But nuclear and coal power are declining because natural gas and renewables are cheaper, cleaner, or both. One consulting firm estimates the rule could raise customers’ costs by up to $12 billion a year without improving grid reliability. A coalition of businesses warned it would undercut the advantage American manufacturers have from cheap natural gas and “result in a substantial loss of U.S. manufacturing capacity and jobs.” Nor would it fundamentally improve the prospects of coal mining or coal-generated power. “Frankly, if you find an investor who wants to invest 25 years in coal-fired plants, I would not buy the shares of that company,”
the chief executive of French oil company
told reporters in June.
While governments have a poor record of turning around declining industries, there is a stronger case for them supporting new industries, particularly by subsidizing early-stage research when commercial payoff is most uncertain. This is especially true in “winner-take-all-or-most” industries in which establishing a successful technology costs a fortune but adding new customers costs almost nothing.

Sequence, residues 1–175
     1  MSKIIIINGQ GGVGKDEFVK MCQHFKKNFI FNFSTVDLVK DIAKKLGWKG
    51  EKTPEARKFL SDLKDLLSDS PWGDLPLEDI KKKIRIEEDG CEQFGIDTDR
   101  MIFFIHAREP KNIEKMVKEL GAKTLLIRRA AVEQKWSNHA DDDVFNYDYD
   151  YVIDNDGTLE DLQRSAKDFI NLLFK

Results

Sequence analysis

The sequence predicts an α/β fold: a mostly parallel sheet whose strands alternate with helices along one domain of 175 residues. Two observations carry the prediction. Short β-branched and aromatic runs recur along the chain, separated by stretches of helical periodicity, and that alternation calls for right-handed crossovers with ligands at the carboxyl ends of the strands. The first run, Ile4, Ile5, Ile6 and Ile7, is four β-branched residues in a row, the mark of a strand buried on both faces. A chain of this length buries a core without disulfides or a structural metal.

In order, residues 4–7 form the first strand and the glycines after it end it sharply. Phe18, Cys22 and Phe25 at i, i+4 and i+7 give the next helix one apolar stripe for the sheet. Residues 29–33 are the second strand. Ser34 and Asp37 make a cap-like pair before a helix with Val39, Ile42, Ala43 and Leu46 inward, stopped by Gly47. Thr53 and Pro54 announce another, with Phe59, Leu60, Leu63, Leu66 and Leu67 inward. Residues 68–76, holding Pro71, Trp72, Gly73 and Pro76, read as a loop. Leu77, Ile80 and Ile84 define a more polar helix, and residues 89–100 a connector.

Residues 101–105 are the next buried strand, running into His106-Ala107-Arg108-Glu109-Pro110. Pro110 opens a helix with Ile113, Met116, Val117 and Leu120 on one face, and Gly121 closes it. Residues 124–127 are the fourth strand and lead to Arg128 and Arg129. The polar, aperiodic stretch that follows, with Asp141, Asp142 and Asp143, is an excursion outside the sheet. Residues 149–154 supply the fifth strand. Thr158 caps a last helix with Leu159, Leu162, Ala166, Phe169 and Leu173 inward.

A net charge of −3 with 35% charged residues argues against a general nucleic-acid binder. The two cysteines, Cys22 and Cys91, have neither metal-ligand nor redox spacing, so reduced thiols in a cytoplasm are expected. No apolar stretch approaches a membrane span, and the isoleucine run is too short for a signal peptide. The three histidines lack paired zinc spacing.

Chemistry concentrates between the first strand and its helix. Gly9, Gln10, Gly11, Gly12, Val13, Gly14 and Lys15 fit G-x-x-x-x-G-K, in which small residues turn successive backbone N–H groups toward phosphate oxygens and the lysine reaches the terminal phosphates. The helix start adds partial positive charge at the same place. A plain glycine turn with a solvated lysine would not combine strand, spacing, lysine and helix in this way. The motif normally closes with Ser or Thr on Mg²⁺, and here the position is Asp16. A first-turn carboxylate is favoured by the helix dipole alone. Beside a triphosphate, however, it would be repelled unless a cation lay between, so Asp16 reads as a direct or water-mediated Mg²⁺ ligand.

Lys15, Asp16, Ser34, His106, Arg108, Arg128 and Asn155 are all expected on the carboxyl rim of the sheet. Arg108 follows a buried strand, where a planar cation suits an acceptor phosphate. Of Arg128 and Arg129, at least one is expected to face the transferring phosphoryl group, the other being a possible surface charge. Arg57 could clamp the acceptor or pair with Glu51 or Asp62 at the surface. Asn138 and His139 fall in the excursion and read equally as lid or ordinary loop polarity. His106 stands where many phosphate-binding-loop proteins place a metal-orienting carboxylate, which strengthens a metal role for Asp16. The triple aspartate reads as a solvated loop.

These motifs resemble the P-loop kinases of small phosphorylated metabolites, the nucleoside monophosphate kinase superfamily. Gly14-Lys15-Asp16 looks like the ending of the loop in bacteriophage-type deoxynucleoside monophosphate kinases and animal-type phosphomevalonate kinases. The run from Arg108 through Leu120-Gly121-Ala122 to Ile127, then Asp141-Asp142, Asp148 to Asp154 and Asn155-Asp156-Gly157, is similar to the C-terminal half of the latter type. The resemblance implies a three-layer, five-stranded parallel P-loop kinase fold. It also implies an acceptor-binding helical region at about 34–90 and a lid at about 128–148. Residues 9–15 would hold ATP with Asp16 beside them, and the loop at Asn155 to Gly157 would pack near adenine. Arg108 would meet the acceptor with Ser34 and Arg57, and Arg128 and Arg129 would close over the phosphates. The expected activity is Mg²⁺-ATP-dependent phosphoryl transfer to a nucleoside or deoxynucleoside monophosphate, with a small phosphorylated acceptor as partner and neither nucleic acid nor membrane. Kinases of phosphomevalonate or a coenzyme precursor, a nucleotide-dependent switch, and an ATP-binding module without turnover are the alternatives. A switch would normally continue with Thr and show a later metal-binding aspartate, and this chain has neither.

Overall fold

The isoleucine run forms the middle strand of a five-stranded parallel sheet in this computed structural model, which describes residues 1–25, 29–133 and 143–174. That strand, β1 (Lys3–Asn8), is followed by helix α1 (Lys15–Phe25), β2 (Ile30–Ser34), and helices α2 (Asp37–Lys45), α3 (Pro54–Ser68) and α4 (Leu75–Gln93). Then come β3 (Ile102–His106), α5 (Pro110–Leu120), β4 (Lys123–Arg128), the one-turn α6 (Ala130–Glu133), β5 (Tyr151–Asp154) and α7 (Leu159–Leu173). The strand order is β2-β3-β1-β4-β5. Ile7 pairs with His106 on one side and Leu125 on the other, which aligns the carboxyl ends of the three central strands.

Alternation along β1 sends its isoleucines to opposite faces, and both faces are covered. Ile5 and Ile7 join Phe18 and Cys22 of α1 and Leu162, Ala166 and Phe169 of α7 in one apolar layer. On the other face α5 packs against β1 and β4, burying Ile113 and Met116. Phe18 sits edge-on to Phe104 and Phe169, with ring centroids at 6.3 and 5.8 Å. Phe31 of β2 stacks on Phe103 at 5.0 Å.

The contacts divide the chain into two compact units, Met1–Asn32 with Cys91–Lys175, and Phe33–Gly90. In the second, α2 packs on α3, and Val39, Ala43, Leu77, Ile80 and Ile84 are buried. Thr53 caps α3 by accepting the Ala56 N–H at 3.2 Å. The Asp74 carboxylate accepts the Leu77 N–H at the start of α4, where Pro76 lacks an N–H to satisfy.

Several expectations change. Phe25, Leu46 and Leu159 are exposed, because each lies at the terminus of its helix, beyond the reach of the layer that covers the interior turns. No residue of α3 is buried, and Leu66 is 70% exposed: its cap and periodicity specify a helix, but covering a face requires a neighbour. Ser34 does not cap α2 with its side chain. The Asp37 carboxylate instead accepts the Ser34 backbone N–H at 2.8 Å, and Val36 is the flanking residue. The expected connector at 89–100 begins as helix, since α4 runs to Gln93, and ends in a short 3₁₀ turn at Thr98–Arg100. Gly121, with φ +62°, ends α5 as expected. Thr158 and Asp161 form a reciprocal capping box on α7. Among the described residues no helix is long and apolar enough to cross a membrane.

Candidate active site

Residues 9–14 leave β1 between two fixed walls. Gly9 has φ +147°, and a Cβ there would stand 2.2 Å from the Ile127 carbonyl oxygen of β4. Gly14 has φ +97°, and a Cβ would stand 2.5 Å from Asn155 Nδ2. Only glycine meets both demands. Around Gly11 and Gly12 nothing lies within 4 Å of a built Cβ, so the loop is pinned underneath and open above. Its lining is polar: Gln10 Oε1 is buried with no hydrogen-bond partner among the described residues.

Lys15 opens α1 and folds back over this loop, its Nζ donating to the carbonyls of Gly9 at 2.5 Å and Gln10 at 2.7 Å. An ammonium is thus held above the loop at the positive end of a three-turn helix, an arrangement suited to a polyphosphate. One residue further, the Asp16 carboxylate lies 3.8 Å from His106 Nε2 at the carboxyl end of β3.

In the 1980s Japan seemed to prove that by vaulting to the front ranks of advanced economies, with the help of technology that American companies such as
and Xerox Corp. had been forced to license to Japanese competitors and a domestic market long sheltered from foreign competition.
Japan’s model lost appeal in the 1990s as its economy slumped and the U.S. companies grabbed the lead in internet, software and social media. Still, economists became more receptive to industrial policy and many backed President Obama when he earmarked stimulus funds and rewrote regulations to favor certain sectors, in particular renewable energy.